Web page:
Industry regulators have begun compliance audits this month on mandatory reliability standards for the nation’s bulk electric power distribution system, a step toward implementing critical infrastructure protection standards for the U.S. power grid.
“It’s a big step,” said Joe McClelland, director of the Office of Electric Reliability at the Federal Energy Regulatory Commission. “It’s the first time they’ll have a critical infrastructure protection standard.”
As the power grid becomes more automated and its control systems networked on a large scale, the system's cybersecurity is becoming a critical issue. The security standards for the system require that operators identify critical cyber assets that support reliable operation of the electric system, using a risk-based assessment. Violators can be fined as much as $1 million a day.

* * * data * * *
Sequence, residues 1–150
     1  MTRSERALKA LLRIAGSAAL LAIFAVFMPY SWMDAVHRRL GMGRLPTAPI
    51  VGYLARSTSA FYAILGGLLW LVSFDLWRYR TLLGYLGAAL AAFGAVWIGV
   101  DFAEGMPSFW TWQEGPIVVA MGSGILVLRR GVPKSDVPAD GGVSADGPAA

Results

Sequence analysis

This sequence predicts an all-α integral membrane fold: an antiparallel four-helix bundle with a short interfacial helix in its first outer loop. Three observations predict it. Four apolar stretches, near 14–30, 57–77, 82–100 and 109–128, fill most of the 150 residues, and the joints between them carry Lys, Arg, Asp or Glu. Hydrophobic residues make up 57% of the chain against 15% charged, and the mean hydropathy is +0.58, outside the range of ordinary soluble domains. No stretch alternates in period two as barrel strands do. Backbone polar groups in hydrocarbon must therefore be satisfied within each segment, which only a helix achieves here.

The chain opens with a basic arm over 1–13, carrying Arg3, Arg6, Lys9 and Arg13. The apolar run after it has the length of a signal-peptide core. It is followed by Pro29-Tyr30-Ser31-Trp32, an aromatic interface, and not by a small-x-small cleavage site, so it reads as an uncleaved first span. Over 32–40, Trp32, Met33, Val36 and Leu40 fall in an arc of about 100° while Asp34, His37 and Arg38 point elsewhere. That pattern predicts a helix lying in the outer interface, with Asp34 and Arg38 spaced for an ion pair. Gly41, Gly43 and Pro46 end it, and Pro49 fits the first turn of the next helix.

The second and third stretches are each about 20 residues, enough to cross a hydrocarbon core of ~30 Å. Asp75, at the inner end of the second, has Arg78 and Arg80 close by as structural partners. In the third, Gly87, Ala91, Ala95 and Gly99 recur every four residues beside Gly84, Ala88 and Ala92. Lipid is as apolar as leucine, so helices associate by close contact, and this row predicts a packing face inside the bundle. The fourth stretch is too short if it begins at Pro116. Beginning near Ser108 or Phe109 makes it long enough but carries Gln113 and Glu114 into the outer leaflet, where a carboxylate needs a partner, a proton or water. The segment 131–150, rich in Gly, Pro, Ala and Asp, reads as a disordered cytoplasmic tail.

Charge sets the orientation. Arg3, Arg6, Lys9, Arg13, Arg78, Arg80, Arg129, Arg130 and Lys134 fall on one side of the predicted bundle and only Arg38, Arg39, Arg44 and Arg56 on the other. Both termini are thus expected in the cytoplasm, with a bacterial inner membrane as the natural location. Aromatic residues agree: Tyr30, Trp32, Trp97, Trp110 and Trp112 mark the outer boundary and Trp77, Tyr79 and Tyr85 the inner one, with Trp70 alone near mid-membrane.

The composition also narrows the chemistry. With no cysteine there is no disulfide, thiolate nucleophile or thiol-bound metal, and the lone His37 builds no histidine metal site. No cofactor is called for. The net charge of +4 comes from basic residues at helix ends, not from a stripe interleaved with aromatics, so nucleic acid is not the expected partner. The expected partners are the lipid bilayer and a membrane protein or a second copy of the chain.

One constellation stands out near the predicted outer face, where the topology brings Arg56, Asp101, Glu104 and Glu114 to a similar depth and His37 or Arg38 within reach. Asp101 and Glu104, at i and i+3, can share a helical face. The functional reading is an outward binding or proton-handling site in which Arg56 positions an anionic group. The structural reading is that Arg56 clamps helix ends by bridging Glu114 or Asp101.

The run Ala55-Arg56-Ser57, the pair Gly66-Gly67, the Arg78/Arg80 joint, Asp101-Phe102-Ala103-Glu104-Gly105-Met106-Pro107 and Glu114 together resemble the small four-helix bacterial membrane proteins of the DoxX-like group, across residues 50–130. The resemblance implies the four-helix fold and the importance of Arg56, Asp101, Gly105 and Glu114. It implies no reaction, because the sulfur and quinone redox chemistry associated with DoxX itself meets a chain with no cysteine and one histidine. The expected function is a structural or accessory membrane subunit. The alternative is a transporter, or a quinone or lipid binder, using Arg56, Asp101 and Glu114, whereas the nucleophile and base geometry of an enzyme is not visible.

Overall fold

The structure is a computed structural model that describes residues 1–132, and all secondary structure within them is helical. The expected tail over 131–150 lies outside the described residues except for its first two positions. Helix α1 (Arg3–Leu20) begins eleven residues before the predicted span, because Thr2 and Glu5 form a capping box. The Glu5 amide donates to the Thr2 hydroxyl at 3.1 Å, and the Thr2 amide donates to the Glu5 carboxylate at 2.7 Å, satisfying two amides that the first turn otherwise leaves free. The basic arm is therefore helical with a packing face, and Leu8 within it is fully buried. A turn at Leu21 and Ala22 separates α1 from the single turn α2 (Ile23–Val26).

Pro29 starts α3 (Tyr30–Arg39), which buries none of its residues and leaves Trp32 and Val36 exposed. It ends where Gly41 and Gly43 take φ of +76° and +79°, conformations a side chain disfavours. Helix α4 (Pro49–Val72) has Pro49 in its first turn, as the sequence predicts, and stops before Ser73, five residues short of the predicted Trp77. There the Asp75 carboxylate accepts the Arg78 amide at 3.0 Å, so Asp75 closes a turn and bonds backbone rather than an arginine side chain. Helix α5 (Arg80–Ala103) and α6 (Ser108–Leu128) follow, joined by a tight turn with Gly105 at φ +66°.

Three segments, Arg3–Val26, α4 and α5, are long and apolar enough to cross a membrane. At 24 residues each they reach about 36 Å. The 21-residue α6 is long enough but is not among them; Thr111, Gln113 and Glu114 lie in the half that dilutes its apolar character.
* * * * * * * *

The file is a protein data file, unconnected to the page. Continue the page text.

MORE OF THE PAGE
But some security experts say the standards do not go far enough. The technology of the electric grid was designed with the expectation that it would be a private network rather than an interconnected IP-addressable system, and the security standards focus largely on reliability rather than network integrity.
“I don’t think in today’s world that is even close to being adequate security,” said Jack Danahy, chief technology officer of Ounce Labs. “There has to be a more expansive understanding of what security means.”
The cybersecurity of the power distribution system is taking on more urgency with development of a new interactive smart grid and recent reports that hackers have compromised the current grid.
FERC is the government overseer of the U.S. power grid under the Energy Policy Act of 2005, but the audits are carried out by the North American Electric Reliability Corp., the industry’s designated international self-regulatory authority. Despite FERC’s authority, there is still a high degree of self-regulation in the power system. NERC developed the security standards, which FERC can approve or reject.
FERC approved the current Critical Infrastructure Protection Standards this year. FERC will review the audit results and take part in a number of them. “Not every audit,” McClelland said. “Just to check to see how they are being conducted.”